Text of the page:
As women of color, we have been raised strong.
Strong enough to hold our own in spaces that are not only male but also white-dominated. Strong enough to love ourselves and to know how important sharing that love is.
But we aren’t always strong enough to know that our journey doesn’t have to be taken alone. Sometimes we forget that we don’t have to be alone to be strong.
Coming from backgrounds that encourage and require women to be strong, loving, independent, and successful is both rewarding and stressful.
The pressure to keep up the “I’m doing well, loving life, carefree black girl” aesthetic becomes draining and instead of reaching out for help, we reach in, only to find an overworked mind and tired heart.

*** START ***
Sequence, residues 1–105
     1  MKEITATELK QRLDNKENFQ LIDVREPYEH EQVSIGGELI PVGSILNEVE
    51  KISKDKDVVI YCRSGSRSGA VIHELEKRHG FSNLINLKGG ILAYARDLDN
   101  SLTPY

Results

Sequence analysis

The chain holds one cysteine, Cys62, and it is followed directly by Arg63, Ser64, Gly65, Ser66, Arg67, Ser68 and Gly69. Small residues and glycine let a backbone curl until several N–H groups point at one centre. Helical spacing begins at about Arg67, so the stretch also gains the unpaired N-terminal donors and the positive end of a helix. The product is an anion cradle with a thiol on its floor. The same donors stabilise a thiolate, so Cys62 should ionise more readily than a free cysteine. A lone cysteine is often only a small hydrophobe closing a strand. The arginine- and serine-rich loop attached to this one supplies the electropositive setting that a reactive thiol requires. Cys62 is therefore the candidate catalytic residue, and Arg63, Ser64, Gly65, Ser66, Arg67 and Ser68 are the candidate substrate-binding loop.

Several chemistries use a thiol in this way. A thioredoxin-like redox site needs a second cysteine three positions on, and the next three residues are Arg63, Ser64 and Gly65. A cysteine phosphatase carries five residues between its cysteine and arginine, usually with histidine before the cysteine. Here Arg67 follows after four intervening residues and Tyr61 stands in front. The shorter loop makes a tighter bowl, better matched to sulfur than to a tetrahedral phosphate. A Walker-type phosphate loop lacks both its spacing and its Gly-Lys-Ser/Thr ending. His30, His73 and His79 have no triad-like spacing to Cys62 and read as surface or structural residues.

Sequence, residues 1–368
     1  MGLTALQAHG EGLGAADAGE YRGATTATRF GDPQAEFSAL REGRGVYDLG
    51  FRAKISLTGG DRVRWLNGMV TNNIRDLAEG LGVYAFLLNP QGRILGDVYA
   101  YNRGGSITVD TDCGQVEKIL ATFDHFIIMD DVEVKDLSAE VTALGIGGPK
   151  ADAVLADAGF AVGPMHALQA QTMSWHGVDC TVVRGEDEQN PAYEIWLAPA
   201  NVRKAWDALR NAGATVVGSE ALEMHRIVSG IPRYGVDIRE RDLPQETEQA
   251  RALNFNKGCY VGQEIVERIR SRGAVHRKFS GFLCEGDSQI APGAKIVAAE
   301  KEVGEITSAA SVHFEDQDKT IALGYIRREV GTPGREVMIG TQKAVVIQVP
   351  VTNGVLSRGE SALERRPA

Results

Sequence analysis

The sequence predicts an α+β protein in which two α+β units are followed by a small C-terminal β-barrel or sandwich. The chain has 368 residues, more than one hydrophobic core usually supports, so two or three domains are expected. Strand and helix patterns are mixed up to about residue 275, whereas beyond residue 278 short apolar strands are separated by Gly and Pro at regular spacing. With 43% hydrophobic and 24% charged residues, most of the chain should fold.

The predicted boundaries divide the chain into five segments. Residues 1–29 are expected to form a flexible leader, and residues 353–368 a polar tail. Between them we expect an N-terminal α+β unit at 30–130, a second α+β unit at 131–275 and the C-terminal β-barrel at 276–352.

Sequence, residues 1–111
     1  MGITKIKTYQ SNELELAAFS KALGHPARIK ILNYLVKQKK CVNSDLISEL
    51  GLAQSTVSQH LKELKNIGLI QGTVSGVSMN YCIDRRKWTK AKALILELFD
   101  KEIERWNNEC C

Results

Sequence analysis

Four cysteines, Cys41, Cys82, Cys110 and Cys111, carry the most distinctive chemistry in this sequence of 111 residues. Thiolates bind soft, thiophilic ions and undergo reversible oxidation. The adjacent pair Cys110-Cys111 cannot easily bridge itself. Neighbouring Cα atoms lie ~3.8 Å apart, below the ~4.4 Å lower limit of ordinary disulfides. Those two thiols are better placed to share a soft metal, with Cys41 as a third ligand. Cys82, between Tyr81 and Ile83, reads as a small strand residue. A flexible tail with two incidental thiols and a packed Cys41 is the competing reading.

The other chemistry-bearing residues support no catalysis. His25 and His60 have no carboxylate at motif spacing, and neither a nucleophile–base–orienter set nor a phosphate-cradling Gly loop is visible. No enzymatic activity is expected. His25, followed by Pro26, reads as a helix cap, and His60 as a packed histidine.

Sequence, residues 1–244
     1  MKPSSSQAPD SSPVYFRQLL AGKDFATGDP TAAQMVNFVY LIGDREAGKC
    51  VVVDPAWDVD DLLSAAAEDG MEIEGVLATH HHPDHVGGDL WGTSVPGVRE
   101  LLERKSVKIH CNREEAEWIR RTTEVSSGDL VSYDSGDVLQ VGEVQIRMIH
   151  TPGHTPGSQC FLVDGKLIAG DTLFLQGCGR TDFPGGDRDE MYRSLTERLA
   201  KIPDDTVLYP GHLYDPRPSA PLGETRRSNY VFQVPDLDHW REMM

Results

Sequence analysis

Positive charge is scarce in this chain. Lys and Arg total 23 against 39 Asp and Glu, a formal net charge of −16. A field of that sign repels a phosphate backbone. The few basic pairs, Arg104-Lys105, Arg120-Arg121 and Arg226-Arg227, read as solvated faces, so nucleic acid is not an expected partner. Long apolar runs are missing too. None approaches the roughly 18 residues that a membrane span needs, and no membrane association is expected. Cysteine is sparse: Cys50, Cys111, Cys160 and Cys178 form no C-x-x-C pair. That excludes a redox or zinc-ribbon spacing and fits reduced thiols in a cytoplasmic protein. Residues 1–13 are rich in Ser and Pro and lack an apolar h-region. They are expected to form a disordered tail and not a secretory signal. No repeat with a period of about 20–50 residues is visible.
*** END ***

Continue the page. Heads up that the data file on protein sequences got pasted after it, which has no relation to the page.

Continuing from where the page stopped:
You’ve been running off your own supply for too long.
Along the way, we learn that in order to be respected we must embody the strong, assertive, and confident woman at all times.
This path, though righteous, is isolating and leads to loneliness and insecurity every time.
We all need other people to help us. To boost our confidence, offer advice, and most times, to just be with us.
There is no reason your come-up stage must be spent alone. Sharing your ups, downs, and what-is-actually-happening-right-now-“can I live?” moments with someone makes the experiences more rich and meaningful.
I know it’s hard to be someone you’ve been told you can’t be, but you’ll be better for it.
Lean on others from time to time. I promise it’ll make you both stand up straighter.